Windows7sins Launches

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Yesterday I posted about the launch announcement from the FSF for the Windows7sins campaign. The site is up now, and it’s underwhelming even with the low expectations I’ve had.



Firstly, the homepage greets you with a picture of an OLPC XO-1. With Negreponte saying that Windows is key to the OLPC’s success and that the Sugar interface was a mistake, is that really such a good idea? Perhaps they chose it because it originally shipped as a complete hardware platform, or perhaps with its strong identity with education. I guess I could let it slide.



I don’t know if this is how most people would see it, but for me personally, I’d get horribly annoyed if Microsoft, Apple, Symantec, Google, etc started spamming me telling me why I should be using their software with letters in the post. I can imagine that a corporate that receives a letter saying something about free software, they’d probably just throw it in the bin.

Perhaps I’m a bit naïve and I just don’t get it? This is not how I learned to promote free software, and quite frankly, I think the Free Software Foundation could use some lessons in how to promote Free Software properly. It’s not that I want to criticise them or focus on the negative, but Free Software has so much to offer and as I said yesterday, I think that focussing on what it can do is much better than focussing on what the competitors can’t do. I’ll leave it at that.

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17 Responses to “Windows7sins Launches”

  1. nixternal Says:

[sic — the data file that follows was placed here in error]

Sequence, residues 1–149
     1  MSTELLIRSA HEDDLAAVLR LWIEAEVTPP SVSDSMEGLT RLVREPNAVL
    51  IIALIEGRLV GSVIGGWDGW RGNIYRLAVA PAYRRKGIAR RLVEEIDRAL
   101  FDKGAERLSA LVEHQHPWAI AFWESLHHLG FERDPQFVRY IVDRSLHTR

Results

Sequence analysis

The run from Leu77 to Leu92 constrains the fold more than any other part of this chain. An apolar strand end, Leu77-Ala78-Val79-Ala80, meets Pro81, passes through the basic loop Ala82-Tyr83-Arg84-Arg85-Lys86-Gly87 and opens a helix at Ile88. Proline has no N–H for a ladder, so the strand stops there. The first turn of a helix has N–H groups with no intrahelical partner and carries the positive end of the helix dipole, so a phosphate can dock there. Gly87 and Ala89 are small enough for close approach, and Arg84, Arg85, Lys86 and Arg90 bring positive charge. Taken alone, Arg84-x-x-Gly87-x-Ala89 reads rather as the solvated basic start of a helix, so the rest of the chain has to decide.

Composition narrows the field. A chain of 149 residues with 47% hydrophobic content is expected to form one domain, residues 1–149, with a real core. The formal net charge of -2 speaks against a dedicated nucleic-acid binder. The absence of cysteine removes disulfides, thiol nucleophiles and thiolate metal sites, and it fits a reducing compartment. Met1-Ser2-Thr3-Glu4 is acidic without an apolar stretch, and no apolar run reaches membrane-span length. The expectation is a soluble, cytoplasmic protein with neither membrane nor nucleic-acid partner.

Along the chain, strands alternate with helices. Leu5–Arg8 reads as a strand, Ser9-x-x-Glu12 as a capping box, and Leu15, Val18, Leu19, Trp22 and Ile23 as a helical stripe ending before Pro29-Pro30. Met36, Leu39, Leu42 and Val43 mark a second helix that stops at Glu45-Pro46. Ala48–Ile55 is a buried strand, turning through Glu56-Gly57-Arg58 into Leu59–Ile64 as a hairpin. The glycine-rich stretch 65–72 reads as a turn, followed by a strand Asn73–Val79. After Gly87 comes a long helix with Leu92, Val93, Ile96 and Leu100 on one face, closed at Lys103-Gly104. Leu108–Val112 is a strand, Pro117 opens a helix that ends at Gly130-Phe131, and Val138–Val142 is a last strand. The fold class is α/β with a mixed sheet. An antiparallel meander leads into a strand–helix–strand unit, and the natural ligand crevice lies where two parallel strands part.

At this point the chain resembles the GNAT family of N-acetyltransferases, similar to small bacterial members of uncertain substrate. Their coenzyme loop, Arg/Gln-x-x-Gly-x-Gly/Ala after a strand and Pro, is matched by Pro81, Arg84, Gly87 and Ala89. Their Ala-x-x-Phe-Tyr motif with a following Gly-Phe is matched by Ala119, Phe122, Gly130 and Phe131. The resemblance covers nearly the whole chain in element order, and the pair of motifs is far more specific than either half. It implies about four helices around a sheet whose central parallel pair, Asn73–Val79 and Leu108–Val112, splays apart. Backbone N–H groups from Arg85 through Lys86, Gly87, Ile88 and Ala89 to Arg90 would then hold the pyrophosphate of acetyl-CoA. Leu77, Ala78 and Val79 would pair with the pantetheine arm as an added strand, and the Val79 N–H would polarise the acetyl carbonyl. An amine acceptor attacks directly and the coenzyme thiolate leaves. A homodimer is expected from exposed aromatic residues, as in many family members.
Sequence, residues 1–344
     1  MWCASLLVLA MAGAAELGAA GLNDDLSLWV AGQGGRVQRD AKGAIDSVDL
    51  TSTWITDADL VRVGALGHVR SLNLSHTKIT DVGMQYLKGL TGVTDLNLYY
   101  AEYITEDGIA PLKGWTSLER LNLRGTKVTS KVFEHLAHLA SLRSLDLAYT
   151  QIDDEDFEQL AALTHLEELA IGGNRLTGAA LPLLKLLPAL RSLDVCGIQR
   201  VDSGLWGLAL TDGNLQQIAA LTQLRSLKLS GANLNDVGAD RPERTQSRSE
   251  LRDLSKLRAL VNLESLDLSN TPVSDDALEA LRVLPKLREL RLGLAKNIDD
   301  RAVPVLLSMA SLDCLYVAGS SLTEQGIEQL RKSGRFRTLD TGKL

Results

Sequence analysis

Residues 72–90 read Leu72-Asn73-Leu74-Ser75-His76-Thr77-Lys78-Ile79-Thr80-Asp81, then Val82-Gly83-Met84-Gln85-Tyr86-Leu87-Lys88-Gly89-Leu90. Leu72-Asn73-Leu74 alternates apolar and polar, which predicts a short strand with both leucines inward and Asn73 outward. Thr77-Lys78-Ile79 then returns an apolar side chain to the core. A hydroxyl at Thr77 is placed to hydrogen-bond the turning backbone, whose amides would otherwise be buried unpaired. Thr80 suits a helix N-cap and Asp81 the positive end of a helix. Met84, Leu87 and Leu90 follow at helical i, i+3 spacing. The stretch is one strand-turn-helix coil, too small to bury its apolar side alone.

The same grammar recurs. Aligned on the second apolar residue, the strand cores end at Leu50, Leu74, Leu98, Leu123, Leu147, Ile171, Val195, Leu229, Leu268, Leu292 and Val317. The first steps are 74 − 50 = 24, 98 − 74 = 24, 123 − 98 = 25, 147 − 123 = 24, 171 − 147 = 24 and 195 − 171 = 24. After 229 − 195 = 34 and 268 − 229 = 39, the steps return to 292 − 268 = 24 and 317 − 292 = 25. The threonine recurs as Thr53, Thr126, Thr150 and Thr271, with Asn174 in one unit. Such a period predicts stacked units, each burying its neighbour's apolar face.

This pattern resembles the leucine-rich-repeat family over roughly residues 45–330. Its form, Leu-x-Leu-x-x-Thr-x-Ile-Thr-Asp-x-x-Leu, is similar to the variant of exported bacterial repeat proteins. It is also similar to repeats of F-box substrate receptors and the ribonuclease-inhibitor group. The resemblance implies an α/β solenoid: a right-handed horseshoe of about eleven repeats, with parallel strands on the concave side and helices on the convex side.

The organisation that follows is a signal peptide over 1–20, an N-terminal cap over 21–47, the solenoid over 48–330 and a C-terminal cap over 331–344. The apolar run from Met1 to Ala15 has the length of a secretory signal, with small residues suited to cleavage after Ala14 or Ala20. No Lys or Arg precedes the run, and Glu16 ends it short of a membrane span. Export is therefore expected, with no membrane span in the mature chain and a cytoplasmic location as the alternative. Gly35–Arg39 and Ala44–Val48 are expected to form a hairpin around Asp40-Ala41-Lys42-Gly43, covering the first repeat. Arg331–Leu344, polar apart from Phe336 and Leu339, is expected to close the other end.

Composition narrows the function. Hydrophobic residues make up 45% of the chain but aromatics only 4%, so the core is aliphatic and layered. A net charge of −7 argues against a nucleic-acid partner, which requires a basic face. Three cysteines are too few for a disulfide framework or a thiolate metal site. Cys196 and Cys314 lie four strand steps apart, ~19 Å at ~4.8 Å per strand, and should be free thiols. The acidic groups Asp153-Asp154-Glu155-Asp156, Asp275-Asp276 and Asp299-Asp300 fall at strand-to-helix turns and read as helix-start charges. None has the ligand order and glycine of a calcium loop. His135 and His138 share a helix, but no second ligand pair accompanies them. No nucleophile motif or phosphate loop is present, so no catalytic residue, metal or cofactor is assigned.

FYI: Microsoft does spam. I know of someone who works for a company that is contracted by them to send out emails about purchasing Office, Windows, and others at “low low prices”.

    But I am with you, I hate spam and don’t think it is a great idea either, but who knows. There could be that slim chance they hit the dumb IT dude :p

  2. Iain Farrell Says:

    It seems like an odd way to promote free software to me too. By talking about Windows 7 even in a negative way aren’t you just generating more press? I’m not entirely convinced it’s an approach that will win people over.

  3. CoolGoose Says:

    Seriously I thought it was a lame ass site made by a over zellous fellow Linux user, but FSF ?

    Jesus this is bloody lame.

    If you really want to promote Linux (or free software in general), do it the right way, and actually spread what Linux cand do, do videos, screencasts, feature comparisons, not a lame ass site that says Microsoft is the devil bla bla bla

  4. jonathan Says:

    I’ve e-mailed Peter Brown at the FSF for some feedback. I’ll paste his response as a comment here if I receive any.

  5. ulrik Says:

    I’m with you. The branding of the site (yellow and plain) combined with the “ad boxes” on left (and right on place, to make the text column really narrow on my screen) tells me this is a really cheap website. You learn by reflex not to read something looking like an advertisement, but actually reading it, the boxes on the side *are* second-grade content with blunt summaries or pointers about completele other (FSF) things.

  6. regala Says:

    seems like we all agree: FSF pooped another crappy “campaign banner”. Don’t know how they could imagine being this remote from reality: ugly website (the flashy yellow is quite a reminder of HTML 2.0 websites back in the 90’s), focusing on the wrong things (trashing something instead of promoting their stuff, free software), and most of all, very poor and bad taste in puns “Windows7sins” is ridiculous if not completely lame…we’re immersed in technology and still relying on mixing religion-reminding stuff is gross. The subject is very important and this kinda crap is what is constantly driving away some serious corporations or at least make them uncomfortable with some of the community.
    They’re hampering on what they fight for, by their very existence and stupidity.

  7. Matt W Says:

    I’m in full agreement. Bashing Windows is not the way to go – people who like something just get defensive if you bash their favourite toy, and won’t listen to you. We, and the FSF, need to be out there showing people why our way is better. If we can’t… then it probably isn’t.

  8. Stefan Says:

    FSF is going in wrong direction.

    Somebody should tell them that this is not the way to do it.

  9. Martin Gräßlin Says: